Systematic reviews have shown that the presence of inspiratory whoop or post-tussive emesis increases the likelihood of pertussis, whereas the absence of paroxysmal cough decreases the likelihood [10-12]. Other symptoms may include sputum production, coryza, sweating episodes, and sore throat (table 1).
Several studies have shown that pertussis is responsible for a substantial portion of prolonged cough illnesses in adolescents and adults. Among adults with acute cough illness (defined as <28 days), the prevalence of pertussis infection is 3 percent; greater duration of cough at presentation (ie, >2 weeks) increased the likelihood of pertussis .
COMPLICATIONS — Complications of pertussis may be related to the infection itself (eg, pneumonia, otitis media) or the mechanical sequelae of the severe cough (eg, subconjunctival hemorrhage, development or exacerbation of abdominal wall hernia, rib fractures, urinary incontinence, or lumbar strain). Rarely, vigorous coughing may cause more serious problems, including intracranial hemorrhage, stroke due to carotid or vertebral artery dissection, and encephalopathy or seizures (presumed due to hypoxia).
In general, morbidity and mortality due to pertussis are most common in infants and young children (table 2). In adolescents and adults, the prolonged cough may result in substantial time lost from school or work as well as social isolation, sleep deprivation, or anxiety about an undiagnosed condition . Asthma and tobacco use increase the severity of infection . The risk of hospitalization in adults increases with age and is highest in individuals over 65 years [15,16]. A high proportion of adolescents and adults who are hospitalized with pertussis have underlying asthma or chronic obstructive pulmonary disease and exacerbation of these conditions is often the reason for hospitalization .
DIFFERENTIAL DIAGNOSIS — The differential diagnosis of cough is broad; the duration of illness is useful in narrowing the potential causes . Cough that has been present less than three weeks is considered acute (as defined by the American College of Chest Physicians); cough present for three to eight weeks is classified as subacute; and cough present for more than eight weeks is chronic . Many adolescents and adults with pertussis, particularly those with milder manifestations, first seek medical attention only after several weeks of coughing (ie, with a subacute or chronic cough illness).
The most common cause of acute cough is self-limited viral upper respiratory tract infection (eg, the common cold). Subacute cough often represents persistence of an acute respiratory infection (eg, viral or bacterial upper airway infections or lower respiratory tract infections, such as pneumonia). Common causes of cough include cigarette smoking, gastroesophageal reflux disease, asthma, postnasal drip, and angiotensin-converting enzyme inhibitors. (See "Causes and epidemiology of subacute and chronic cough in adults".)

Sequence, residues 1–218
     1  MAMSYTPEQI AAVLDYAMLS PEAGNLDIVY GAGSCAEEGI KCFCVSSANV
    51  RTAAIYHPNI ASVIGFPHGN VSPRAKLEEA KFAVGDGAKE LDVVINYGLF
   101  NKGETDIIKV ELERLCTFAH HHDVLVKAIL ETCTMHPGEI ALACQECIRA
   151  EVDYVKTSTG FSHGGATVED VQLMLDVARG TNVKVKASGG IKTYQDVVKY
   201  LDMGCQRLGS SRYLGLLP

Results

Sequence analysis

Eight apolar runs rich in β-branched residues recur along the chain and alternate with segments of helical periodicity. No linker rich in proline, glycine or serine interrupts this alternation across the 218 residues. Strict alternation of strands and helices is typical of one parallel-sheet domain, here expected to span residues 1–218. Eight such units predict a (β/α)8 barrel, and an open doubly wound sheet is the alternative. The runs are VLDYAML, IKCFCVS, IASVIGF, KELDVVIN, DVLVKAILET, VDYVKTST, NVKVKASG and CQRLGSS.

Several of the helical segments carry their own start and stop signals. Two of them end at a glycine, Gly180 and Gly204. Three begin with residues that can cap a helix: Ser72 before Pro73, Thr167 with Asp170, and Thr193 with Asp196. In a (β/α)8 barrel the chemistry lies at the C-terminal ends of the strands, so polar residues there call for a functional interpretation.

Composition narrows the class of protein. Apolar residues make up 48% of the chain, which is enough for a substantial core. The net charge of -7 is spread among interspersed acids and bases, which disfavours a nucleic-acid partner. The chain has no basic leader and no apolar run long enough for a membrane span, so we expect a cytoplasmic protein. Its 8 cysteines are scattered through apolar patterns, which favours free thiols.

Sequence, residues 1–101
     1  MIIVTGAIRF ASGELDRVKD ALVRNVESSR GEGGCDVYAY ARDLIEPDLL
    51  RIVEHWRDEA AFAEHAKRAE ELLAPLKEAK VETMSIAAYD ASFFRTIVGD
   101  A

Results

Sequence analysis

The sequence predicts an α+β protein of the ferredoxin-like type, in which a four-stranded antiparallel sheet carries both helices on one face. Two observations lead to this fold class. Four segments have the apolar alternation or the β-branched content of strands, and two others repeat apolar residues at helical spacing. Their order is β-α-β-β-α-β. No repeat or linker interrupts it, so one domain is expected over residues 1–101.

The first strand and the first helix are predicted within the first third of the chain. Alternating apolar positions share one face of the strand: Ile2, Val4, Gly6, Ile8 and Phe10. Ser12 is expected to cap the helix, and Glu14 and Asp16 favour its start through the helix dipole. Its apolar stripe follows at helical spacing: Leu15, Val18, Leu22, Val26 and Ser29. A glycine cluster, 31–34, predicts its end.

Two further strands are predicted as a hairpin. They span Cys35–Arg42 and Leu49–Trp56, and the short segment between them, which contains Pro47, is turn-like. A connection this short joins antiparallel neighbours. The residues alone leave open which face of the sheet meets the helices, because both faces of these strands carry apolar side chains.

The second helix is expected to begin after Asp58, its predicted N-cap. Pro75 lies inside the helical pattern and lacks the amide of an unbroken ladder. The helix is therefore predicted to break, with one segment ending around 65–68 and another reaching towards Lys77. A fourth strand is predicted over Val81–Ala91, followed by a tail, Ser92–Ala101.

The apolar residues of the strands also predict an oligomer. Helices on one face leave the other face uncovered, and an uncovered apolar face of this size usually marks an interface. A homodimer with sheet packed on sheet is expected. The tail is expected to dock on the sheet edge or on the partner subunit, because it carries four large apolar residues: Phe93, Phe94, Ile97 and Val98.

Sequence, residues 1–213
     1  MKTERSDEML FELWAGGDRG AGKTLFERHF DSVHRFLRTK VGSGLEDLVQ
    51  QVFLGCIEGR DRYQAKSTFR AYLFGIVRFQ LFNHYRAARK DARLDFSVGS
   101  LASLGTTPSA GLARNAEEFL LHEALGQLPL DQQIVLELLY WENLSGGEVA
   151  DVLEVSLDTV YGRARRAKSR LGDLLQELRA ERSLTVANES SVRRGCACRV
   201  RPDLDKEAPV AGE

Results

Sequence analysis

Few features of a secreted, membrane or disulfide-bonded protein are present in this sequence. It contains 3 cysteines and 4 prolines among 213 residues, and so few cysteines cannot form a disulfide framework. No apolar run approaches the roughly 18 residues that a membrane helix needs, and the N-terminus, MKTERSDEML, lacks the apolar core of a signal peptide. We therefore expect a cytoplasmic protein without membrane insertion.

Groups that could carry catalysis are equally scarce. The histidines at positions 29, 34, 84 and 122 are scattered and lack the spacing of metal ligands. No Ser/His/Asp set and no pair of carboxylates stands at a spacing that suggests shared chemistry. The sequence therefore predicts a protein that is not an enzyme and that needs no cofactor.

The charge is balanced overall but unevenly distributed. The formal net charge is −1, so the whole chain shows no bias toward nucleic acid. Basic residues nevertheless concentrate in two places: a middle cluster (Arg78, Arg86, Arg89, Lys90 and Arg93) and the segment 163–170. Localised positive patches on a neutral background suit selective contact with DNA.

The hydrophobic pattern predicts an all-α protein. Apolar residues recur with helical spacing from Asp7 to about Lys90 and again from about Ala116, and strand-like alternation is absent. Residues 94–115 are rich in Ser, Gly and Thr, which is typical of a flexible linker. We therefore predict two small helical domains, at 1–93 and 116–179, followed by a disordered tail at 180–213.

DIAGNOSIS — Diagnosing pertussis in adolescents and adults requires a high index of suspicion. Early diagnosis is important as it can prevent the spread of infection, particularly in vulnerable populations (eg, infants and young children, adults who have not received booster vaccination, immunocompromised individuals). In addition, antibiotic treatment given in the early stages may shorten the duration of symptoms. Given the variable and nonspecific symptoms of pertussis, microbiologic testing is needed to confirm the diagnosis for most patients (algorithm 1).
Approach to diagnosis — The clinical case definition advocated by the United States Centers for Disease Control and Prevention (CDC) and the World Health Organization (WHO) is a cough illness lasting at least two weeks without an apparent cause, with one of the following symptoms: paroxysms of coughing, inspiratory whoop, or post-tussive emesis [19,20]. Further information can be found on the CDC website. In the setting of a pertussis outbreak or known close contact with a confirmed case, the presence of a cough lasting ≥2 weeks is sufficient for clinical diagnosis (even in the absence of other symptoms). In outbreaks, the sensitivity and specificity of this case definition for detecting culture-positive pertussis has been 84 and 63 percent, respectively .
●For patients with less than two weeks of cough in whom there is clinical concern for pertussis, perform both culture and PCR for B. pertussis (see 'Laboratory tools' below). The sensitivity of culture is highest during the first two weeks of illness.
●For patients with two to four weeks of cough, perform both culture and PCR. The sensitivity of culture declines after the first two weeks, but PCR remains useful up to four weeks since it can detect nonviable organisms. Both tests should be performed since the accuracy of PCR as a stand-alone diagnostic test requires further study. Serology may be a useful alternative to culture in this setting once it has been standardized and more widely available.